Thiruvananthapuram: Schools in Kerala, remained closed since the imposition of coronavirus lockdown in March, reopened partially on Friday, marking a new beginning in the education sector, but strictly in compliance with COVID protocols.
This is to help more than 7 lakh students studying in classes 10 and 12 in 3,118 high schools and 2,077 higher secondary schools with their studies for the public exams.
The classes for 10th and 12th standards began with limited hours and restricted number of students.
Attendance has not been mandatory for the students. However, parental consent is necessary for students attending the schools. The emphasis in schools will be on revision and doubt resolution of lessons that have been completed through digital classes in an attempt to help the students prepare for the public examinations.
State Health Minister K K Shailaja said here on Thursday that the academic year, which comes at a time of COVID pandemic, should be dealt with confidence but caution.
"Students should not be afraid to go to schools. The government has made all arrangements," she said, urging everyone to strictly follow the guidelines issued by the health and the educations departments.
A recent high-level meeting, chaired by Chief Minister Pinarayi Vijayan, had decided to reopen the educational institutions, including schools and colleges, in adherence with COVID guidelines.
As of Wednesday, Kerala has over 65,000 active COVID-19 cases as it has been reporting fresh infections in large numbers in recent months.
In its guidelines, the General Education Department has directed that only 50 per cent of students be allowed at a time in schools and that classes be arranged as one student per bench in the first week.
It is better to allow 25 per cent of the students at a time in schools, where their strength exceeds 300 in number in classes 10 and 12, according to the guidelines issued by the Director of Public Instructions (DPI).
In the detailed instructions given, the authorities have asked the school managements to ensure masks, sanitizer, digital thermometer and soaps in their institutions.
Students should be asked to maintain a distance of two meter between each other and classes may be conducted in shifts of limited hours if necessary, it said.
Articles in classes should be disinfected every two hour and children should be admitted in classes only with the consent of parents.
As per the present plan, the Secondary School Leaving Certificate (SSLC) and Higher Secondary (HSC) second year board exams would be held from March 17 to 30 in strict compliance with COVID protocols.
The digital classes for class 10 would be completed by January 15, and for class 12 within January 30.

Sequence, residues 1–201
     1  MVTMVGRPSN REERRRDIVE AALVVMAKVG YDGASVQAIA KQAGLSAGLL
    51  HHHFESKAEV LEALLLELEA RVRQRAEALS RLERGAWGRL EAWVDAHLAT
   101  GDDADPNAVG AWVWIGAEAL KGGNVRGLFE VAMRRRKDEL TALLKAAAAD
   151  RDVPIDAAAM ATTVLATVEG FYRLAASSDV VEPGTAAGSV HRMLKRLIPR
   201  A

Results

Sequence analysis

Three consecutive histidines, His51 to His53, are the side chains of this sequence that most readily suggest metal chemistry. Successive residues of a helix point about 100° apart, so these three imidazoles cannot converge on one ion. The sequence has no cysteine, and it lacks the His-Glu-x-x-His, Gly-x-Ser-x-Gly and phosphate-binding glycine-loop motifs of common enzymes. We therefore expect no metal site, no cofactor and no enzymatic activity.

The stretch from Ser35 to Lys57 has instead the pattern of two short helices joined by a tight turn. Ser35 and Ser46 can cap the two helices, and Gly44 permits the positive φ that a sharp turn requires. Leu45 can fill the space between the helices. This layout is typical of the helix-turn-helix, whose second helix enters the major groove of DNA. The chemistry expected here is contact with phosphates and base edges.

At the college level, graduate and post-graduate classes and classes at the Universities of Agriculture and Fisheries would also begin early January with limited number of students.
It was also decided to start classes from second year in medical colleges, official sources added.
• Class, via social media, for students who are unable to come to school.
• The classes should be fixed in two phases - three hours in the morning and three hours in the afternoon.
• A shift system can be followed, if needed.
• Students should avoid eating food together. They should also refrain from sharing food, water or other materials used for school activities.
• The door handles of the classrooms, desks, and dusters should be sanitised every two hours.
• Facilities for medical checks should be arranged for children and teachers, if needed.
• Safe distance should be mandatorily maintained in school vehicles. Thermal checks should be carried out before entering the vehicles. Masks are also mandatory.
• Counselling must be given if children need mental support. Differently-abled students should be given special care.
• In the case of children who need special attention, the service of the resource teachers can be utilised to go to their homes and help in studies, if needed.
• COVID cell led by the headteacher must be formed in all schools. The cell should comprise the ward member, health inspector, PTA president, and representatives of the teachers and students. The cell should meet once in a week to ensure that the safety guidelines are followed.
• A school-level plan must also be prepared. Sick room must be set up to monitor children with COVID-19 symptoms. There should be first-aid kits as well. Daily reports must be submitted to the healthcare workers.
• The safety arrangements in the school must be discussed in staff council and PTA, and this information must be conveyed to the parents during online class PTA meetings.
• The situation will be assessed and necessary changes will be introduced a week later.
• The First Bell classes through the Victers channel will continue. Students who go to school can see the repeat telecast of the online classes in the evening every day through Victers.